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How to Deal With Territory Changes


Wed Jan 29 2020

How to Deal With Territory Changes

New year. New beginnings. For sales reps, this means having new revenue goals, starting at square one on their pipeline, and having a whole new year’s worth of quotas. While they may have some opportunities in the pipeline from last year, chances are reps will also need to do some rebuilding. That means more intro meetings and demos. Time to hit the ground running, right?

Warning: Roadblocks Ahead

Reps play the waiting game as sales operations and management conduct the territory planning process, which typically involves shifting territories between reps or cutting up pieces of the pie—especially if there’s additional headcount. I’ve seen that process take four months from start to finish. In fact, at one larger organization where I worked, we overhauled the territory segmentation and reassigned accounts by geography and industry. It took two months longer than expected to get everything finalized. At Salesforce, they start this process almost half a year before a fiscal year starts.


Sometimes reps feel the need to wait until their entire territory is established before jumping into action. They think that the territory change will only take a month (because that was what was communicated to them), but often this timing can extend longer, with some back and forth between managers and tagging.

Bottom line: Even if your organization is not making a massive shift, it can still take several weeks to finalize territory assignments. And thanks to sales kickoff meetings (SKOs), which usually last about a week, this process can take even longer. Waiting can be detrimental to your reps’ pipeline, especially for those larger deals where sales cycles can last more than six months.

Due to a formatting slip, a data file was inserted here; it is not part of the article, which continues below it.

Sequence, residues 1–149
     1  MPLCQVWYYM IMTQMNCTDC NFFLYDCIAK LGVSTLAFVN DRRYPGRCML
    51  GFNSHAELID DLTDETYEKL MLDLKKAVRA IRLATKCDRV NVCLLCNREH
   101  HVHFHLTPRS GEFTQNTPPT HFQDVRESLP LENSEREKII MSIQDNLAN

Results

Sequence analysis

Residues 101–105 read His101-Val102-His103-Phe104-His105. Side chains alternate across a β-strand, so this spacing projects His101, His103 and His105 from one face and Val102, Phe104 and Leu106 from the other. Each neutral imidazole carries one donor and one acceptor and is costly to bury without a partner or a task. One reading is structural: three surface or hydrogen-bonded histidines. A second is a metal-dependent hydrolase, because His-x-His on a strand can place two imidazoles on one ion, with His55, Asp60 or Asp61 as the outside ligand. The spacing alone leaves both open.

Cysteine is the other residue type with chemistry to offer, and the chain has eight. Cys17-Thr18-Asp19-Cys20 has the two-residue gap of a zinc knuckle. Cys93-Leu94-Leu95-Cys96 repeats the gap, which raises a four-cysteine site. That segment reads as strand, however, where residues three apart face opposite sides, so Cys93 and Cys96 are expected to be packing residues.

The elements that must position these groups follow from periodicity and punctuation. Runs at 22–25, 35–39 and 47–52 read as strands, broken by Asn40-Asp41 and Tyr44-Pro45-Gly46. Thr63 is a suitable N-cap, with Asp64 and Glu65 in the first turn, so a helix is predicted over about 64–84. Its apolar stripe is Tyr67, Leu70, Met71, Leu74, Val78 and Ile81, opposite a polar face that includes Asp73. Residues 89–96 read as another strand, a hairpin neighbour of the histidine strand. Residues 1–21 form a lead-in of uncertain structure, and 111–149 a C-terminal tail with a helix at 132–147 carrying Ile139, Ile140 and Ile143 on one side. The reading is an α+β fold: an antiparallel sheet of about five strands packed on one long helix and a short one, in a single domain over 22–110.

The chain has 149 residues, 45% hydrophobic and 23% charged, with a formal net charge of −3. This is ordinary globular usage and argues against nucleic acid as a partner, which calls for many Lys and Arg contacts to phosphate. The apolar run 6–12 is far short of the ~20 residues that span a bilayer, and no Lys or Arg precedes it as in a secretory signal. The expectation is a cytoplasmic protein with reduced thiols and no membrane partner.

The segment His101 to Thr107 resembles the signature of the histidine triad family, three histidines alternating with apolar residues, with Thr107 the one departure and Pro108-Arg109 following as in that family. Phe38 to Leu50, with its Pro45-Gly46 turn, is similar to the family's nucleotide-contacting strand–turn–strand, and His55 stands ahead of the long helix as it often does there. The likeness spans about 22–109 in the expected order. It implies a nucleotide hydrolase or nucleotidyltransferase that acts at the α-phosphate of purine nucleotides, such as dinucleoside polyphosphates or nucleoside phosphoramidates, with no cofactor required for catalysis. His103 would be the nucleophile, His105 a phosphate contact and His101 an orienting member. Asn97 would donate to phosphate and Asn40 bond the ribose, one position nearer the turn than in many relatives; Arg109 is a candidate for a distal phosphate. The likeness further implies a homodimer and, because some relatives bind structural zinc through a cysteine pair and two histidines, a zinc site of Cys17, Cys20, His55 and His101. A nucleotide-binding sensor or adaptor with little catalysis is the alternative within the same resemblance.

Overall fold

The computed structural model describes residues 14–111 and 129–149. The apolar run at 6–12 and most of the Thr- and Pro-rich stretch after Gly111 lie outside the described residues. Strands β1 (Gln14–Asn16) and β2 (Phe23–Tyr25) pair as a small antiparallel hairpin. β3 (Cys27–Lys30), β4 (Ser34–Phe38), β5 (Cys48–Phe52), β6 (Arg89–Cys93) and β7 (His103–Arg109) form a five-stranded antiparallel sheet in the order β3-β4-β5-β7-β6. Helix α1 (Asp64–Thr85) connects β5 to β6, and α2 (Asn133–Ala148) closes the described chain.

So, what can reps be doing as territories are being tagged in your CRM?

How to Jumpstart Your Territory

First, have your reps focus on the portion of their territory that is not changing. Most reps typically keep about 50 percent of their accounts. This means they can focus on those accounts with traction already in place.

Another strategy is to pursue former clients or ones they haven’t talked to in a few years. Reps can check back in with companies they met within the last year where the conversation didn’t progress because of budget, timing, or lack of priority and see if it makes sense to re-engage in a discussion. Remember: new year, new budgets, new initiatives. For instance, accounts who pushed away because the end of the year was too hectic may have more time on their calendar now. What’s more, they are likely setting budgets for the new year, so it’s the perfect time to meet.


Also, look at industry events and conferences that may be benificial for reps to attend. See if there may be some prospects to meet there. Plan those opportunities into the schedule.

By the time your reps do these things, their territory should be finalized. If it isn’t, at the very least, they’ve found a way to jumpstart the year during a month when there’s some lag time.

To learn more about ways to build your pipeline, read “Fill Your Pipeline Through the 5 Ps of Prospecting.”

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